Unlike some non-fiction authors, we aren’t able to cruise on our reputations as experts, dining out on speaking tours and partnerships, seminars and licensing. We’re novelists, fiction writers and our books are our livelihoods.

Does cream rise to the top?

Alas, I don’t believe “good books find an audience”  is necessarily true.  I’ve had many friends who have written wonderful books. However, for lack of consistent or effective publishing efforts (on their part or the part of their publishers) they were unable to connect with readers.

Consequently, they didn’t “make their numbers.”

For those in traditional publishing especially, if you don’t sell a certain number of copies (usually sell-through, or a percentage of number printed and distributed vs. number actually sold) then you’re suddenly on a slippery slope.  Bookstores will return you, and when your next title comes up, they will check your name, and see what your last sell-through was.  Low sell through = fewer or no copies of future books.  Publishers also look at this, and when your next contract comes up, they may decide to pass.

What about e-publishing?

Admittedly, with the boom of e-publishing, you no longer have to fight for limited shelf-space.  But with the deluge of offerings, it’s harder and harder for good books to be noticed.  If you aren’t doing something for promotion, then your masterpiece may languish in Amazon limbo, selling two copies a quarter.

So we’re back to push-push-sell-sell?

Yes, you need to promote.You should have a plan to promote.  Yes, you can decide you want to be a huge, screaming, set-the-world-ablaze success.

No, you don’t need to be evil to carry this out.

The whole point of White Hat promo is to think of your reader first.  Consequently, all of your promotional efforts, and the foundation of your whole book promotion plan, is going to focus on your Right Reader.

You need a comprehensive plan to effectively promote your book.  To do that, you’re going to need the following foundation:

1.  Look at your work.  What genre are you in?  What makes you unique?  (In business jargon, they call this your USP, or Unique Selling Point.)

This can be hard to pin down, especially if you’re writing a very popular genre.  Let’s say you’re writing a cozy mystery.  What’s the hook?  Some examples: “crafty” (knitting, scrapbooks, decoupage); foodie (cupcakes, chefs, recipes);  or role (debutante, maid, traveling clown.  Okay, I made that last one up.)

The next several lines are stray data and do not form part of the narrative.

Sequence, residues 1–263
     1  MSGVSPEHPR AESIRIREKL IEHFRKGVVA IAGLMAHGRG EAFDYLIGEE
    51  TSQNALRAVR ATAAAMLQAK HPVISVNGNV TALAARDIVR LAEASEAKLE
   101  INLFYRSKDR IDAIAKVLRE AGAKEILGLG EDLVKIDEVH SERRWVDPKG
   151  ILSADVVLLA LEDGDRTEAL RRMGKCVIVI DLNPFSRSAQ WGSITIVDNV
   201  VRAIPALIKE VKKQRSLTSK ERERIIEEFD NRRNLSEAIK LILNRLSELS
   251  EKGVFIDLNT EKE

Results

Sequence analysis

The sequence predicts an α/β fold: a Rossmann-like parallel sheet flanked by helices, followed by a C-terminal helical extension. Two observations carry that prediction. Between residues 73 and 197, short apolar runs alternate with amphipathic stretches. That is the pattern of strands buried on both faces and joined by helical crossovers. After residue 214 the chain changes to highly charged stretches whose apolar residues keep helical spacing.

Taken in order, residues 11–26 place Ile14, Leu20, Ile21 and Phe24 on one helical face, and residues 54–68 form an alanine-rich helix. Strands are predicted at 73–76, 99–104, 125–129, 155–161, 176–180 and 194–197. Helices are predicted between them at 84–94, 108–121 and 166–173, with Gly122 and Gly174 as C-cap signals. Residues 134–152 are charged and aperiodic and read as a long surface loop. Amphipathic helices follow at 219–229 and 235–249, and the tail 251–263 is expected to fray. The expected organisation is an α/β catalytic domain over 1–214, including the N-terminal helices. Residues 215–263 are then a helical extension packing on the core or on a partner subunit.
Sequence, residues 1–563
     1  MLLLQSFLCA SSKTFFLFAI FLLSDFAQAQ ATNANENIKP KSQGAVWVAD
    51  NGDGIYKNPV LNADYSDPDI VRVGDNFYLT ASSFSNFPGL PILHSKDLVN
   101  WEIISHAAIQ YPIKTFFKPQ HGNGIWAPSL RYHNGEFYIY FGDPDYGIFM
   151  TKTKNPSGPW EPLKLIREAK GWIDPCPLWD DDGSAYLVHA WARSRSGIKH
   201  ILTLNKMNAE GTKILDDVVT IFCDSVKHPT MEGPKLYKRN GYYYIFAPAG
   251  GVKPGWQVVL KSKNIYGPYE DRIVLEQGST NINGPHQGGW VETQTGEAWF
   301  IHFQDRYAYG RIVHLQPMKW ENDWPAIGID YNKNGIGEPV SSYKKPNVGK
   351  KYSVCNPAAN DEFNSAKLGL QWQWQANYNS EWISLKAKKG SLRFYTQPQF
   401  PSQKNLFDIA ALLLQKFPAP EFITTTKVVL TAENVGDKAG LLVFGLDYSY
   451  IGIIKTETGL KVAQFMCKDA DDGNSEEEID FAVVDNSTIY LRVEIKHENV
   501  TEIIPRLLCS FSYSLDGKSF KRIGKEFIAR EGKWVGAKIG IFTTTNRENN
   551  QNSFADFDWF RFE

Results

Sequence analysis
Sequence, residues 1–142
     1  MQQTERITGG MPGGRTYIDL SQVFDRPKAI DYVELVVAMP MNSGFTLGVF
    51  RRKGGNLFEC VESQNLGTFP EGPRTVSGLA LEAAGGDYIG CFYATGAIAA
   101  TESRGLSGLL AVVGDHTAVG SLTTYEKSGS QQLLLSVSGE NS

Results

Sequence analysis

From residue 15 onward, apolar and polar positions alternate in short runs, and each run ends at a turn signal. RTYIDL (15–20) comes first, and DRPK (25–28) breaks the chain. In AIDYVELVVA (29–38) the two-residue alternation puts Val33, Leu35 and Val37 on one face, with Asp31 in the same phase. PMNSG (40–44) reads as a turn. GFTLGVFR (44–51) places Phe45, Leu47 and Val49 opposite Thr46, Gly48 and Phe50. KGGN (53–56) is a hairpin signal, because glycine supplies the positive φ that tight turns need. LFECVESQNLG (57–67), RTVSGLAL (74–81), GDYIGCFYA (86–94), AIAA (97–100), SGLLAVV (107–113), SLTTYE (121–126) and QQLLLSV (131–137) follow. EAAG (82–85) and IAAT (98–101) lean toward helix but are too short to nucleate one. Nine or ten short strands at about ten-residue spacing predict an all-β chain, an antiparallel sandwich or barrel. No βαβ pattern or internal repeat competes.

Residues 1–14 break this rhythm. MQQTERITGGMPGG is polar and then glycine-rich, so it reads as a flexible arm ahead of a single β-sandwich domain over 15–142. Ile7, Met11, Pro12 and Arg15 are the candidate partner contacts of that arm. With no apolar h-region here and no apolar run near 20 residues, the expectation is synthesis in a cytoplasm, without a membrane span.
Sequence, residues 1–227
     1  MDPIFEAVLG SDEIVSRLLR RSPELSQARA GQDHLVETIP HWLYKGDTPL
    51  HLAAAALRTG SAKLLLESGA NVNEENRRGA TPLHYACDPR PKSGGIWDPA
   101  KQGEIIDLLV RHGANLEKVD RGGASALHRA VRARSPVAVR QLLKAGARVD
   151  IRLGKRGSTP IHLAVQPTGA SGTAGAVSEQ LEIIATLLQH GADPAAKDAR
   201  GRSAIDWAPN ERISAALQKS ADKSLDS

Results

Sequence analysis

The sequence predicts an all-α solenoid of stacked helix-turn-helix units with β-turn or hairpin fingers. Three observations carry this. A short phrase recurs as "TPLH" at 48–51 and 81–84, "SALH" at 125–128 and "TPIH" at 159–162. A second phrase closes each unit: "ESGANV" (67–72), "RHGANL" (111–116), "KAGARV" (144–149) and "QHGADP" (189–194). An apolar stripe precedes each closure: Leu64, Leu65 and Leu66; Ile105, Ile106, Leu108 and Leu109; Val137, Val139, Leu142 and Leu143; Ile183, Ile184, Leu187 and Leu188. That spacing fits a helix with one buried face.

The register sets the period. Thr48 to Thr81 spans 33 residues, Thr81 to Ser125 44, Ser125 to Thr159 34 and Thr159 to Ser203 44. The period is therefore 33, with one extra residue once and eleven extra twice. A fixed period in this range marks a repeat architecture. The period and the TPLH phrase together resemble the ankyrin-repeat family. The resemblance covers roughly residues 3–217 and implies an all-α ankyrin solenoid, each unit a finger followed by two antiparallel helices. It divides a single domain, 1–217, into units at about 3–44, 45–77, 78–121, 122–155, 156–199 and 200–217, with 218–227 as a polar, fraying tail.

The idea is to drill down in your niche.  It’s not enough to say you write cozy mysteries, or romantic comedy, or horror.  You write cozy mysteries about a pet psychic.  You write romantic comedy like modern day Kate Hepburn/Spencer Tracy movies.  You write gritty, violent horror stories that take place in the Mojave Desert. Why?  because you want to make it as easy as possible for a Right Reader to be intrigued — and a Wrong Reader to go away.

2.  Draw a sketch of your Right Reader.  Remember: this is someone who is desperately searching for what you’re writing, rather than someone who would enjoy it if they gave it a chance.  The clearer you can visualize this reader, the easier it’s going to be to make decisions about how to design your website, and what to write for your newsletter, blog, posts, and tweets.  In every communication, you want to pretend you’re communicating with your Right Reader alone.  One size does not fit all.  Communication that tries to cater to Every Reader tends to be a bland pap that attracts no one.

3.  Go native.  Once you’ve identified your Right Reader, find out where she hangs out.  Go to a book club.  Lurk in some forums.  Read book blogs.  Remember:  this is a recon mission! Right now, you care enough about your Right Reader to be interested in who she is, what she wants, and what has disappointed her in the past.  Read what she’s suggesting.  If you find stuff you love that’s applicable, share it.  Become known as “that person who knows great books/has funny insights/is kind” rather than “that author who makes every comment a way to talk about her book coming out.”

4.  Be consistent.  This means visually, in your copywriting, and in any communication you do. Again, you’re making it easier for your Right Reader to be attracted and find out more.  If you write violent, gritty, modern horror that takes place in the Mojave, then maybe instead of the usual Gothic fonts, graveyards,  and blood splatter on a black background, go for shades of gray and really creepy desert imagery.  If you’re writing Hepburn/Tracy styled rom com, maybe have pictures of a man and a woman, with smirks of challenge, facing each other from either side of your header.  Make the motif match the USP.

Also, have your website match your social media, your newsletter, your business cards, your newsletter.  Be visually consistent.  Also, use the same “voice” across the board.  Don’t write your newsletter as if it’s coming from a company, your bio as if your publicist wrote it, your tweets as if you’re talking to your high school pals, and your blog as if you’re Sybil, complete with multiple personalities.  Consistency is key.

What do you think?  Does this still feel “evil” to you, or does it make sense?  If you wanted to write a non-evil book promotion plan, what else would you want to know?

If this resonates, please re-tweet.  Likewise, please comment or contact me if you have any questions. I love hearing the feedback, and I want to post stuff that helps! 🙂